Robert May was born in Wing in Buckinghamshire around 1588. He worked with his father who served as cook for the Dormer family of Ascott Park and was eventually sent to France to learn the secrets of cookery. He served in the household of Achille de Harlay, first president of the parlement of Paris.
He returned to England and worked as apprentice to Arthur Hollinsworth of Newgate Market in London, cook to the Grocer’s Company and the Star Chamber. In the 1620s he returned to Wing to work for the Dormers. He worked for various employers throughout his career, mostly noble and Catholic.
His book The Accomplisht Cook was published in 1660 and was the first substantial English recipe book to be published after the Restoration. It was so popular it went to five editions by 1685. It combines courtly Elizabethan tradition and more modern French influences. From the Oxford Dictionary of National Biography:
May’s work was a longer and more complete collection of recipes than had appeared before in English, and made use of illustration in a way that had not yet been seen. Cookery was still a closely guarded trade mystery, which May desired to make accessible to all, though admitting that not every reader could afford his most extravagant dishes.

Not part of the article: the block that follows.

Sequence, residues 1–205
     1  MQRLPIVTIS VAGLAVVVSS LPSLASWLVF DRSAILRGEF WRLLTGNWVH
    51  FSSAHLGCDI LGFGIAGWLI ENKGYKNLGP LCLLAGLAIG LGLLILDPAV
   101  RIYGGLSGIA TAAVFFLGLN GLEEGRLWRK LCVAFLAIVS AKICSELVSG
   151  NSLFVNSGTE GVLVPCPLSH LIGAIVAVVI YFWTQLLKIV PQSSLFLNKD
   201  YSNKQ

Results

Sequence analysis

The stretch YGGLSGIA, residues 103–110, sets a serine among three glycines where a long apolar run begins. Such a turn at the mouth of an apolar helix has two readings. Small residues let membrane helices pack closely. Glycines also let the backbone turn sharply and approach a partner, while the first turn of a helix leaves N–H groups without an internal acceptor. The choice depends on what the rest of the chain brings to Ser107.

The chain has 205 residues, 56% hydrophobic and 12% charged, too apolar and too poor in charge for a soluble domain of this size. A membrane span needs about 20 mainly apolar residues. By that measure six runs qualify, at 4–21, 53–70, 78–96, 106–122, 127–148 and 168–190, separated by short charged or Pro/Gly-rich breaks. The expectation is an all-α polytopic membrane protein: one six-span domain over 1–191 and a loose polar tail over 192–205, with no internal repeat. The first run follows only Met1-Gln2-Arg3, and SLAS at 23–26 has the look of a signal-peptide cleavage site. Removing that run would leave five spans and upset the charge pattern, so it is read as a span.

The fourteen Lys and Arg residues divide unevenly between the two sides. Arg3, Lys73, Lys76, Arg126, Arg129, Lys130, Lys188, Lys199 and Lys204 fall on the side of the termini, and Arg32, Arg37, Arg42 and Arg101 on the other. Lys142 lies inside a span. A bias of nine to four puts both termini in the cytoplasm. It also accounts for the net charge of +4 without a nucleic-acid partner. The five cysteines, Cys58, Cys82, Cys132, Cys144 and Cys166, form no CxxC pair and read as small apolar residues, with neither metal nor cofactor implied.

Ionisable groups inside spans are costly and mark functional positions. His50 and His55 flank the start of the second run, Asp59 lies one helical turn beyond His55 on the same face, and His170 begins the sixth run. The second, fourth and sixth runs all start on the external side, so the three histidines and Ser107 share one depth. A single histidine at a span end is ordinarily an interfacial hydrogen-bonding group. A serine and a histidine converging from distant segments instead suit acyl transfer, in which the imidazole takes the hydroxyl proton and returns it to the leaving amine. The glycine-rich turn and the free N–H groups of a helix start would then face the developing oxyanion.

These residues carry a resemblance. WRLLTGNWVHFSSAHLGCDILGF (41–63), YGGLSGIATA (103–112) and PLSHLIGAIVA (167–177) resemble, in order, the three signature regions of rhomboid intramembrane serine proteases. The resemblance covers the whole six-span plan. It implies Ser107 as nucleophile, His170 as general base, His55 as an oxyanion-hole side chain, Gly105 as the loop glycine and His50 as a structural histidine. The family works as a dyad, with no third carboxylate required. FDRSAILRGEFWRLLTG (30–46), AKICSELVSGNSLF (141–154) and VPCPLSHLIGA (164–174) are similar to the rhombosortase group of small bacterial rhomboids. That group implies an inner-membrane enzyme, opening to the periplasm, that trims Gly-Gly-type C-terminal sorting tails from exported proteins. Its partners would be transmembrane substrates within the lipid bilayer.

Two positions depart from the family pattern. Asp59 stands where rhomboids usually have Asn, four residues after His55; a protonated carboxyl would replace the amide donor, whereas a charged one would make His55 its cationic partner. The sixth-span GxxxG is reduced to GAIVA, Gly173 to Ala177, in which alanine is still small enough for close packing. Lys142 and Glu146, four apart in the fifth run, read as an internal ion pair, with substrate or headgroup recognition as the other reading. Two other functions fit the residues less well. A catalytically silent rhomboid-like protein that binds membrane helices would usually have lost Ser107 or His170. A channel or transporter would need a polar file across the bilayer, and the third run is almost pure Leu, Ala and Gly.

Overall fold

Below are some examples of recipes from The Accomplisht Cook.
Sauce for all manner of Fowls.
Mustard is good with brawn, beef, chine of bacon, and mutton; verjuyce good to boil chickens and capons; swan with chaldrons; ribs of beef with garlick, mustard, pepper, verjuyce, ginger; sauce of lamb, pig and fawn, mustard, and sugar; to pheasant, partridge, and coney, sauce gamelin; to hearn-shaw, egript, plover, and crane, brew and curlew, salt, and sugar, and water of Camot; bustard, shovilland, and bittern, sauce gamelin; woodcock, lapwing, lark, quail, martinet, venison and snite with white salt; sparrows and thrushes with salt and cinamon. Thus with all meats sauce shall have the opperation.
To pickle Cucumbers.
Pickle them with salt, vinegar, whole pepper, dill-seed, some of the stalks cut, charnel, fair water, and some sicamore leaves, and barrel them up close in a barrel.
To Boil a Pike in white Broth.
Cut your pike in three pieces, then boil it in water, salt, and sweet herbs, put in the fish when the liquor boils; then take the yolks of six eggs, beat them with a little sack, sugar, melted butter, and some of the pike broth; then put it on some embers to keep warm, stir it sometimes lest it curdle; then take up your pike, put the head and rail together in a clean dish, cleave the other piece in two, and take out the back bone, put the one piece on one side, and the other piece on the other side, but blanch all, pour the broth on it, and garnish the fish with sippets, strow on fine ginger or sugar, wipe the edge of the dish round, and serve it.